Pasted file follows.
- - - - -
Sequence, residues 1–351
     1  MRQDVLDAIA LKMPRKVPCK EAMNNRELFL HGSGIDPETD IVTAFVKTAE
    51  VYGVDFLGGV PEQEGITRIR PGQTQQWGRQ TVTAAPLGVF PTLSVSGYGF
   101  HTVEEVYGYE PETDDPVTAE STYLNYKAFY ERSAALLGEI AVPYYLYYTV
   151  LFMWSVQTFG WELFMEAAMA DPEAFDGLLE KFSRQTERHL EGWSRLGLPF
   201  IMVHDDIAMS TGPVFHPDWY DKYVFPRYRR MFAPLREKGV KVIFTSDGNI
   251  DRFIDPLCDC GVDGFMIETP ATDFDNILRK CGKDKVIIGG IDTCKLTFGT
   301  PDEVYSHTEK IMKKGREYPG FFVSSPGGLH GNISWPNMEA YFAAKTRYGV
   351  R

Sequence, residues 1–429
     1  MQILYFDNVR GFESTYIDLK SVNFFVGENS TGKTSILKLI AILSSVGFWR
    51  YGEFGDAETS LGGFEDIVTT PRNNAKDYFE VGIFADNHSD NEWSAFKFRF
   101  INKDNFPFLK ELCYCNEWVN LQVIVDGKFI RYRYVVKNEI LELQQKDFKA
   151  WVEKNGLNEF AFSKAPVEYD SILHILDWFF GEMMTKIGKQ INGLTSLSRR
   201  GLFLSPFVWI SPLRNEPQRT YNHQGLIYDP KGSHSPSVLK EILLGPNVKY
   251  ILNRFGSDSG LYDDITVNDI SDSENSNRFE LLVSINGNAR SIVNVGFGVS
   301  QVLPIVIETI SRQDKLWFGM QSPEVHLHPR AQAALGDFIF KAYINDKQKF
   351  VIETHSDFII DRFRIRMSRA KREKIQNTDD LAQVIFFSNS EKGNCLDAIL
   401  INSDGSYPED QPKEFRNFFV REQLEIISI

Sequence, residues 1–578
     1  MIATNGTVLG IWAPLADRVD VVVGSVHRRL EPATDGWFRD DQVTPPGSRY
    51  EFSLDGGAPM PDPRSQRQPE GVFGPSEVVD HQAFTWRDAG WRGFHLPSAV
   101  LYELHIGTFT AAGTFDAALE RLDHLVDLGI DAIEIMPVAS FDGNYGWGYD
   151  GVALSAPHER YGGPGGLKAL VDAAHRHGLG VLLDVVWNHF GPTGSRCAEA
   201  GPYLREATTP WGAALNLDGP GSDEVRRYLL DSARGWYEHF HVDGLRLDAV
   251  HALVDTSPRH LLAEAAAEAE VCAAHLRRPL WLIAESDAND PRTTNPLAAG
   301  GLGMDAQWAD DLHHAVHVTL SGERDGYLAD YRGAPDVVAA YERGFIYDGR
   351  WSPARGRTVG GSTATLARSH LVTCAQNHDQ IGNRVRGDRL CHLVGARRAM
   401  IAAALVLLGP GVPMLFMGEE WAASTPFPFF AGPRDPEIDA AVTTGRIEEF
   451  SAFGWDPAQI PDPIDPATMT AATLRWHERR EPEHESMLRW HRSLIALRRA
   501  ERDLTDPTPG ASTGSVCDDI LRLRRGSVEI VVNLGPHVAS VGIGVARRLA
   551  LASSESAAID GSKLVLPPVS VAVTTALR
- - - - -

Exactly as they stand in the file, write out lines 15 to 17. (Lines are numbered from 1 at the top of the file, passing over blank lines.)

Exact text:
   201  GLFLSPFVWI SPLRNEPQRT YNHQGLIYDP KGSHSPSVLK EILLGPNVKY
   251  ILNRFGSDSG LYDDITVNDI SDSENSNRFE LLVSINGNAR SIVNVGFGVS
   301  QVLPIVIETI SRQDKLWFGM QSPEVHLHPR AQAALGDFIF KAYINDKQKF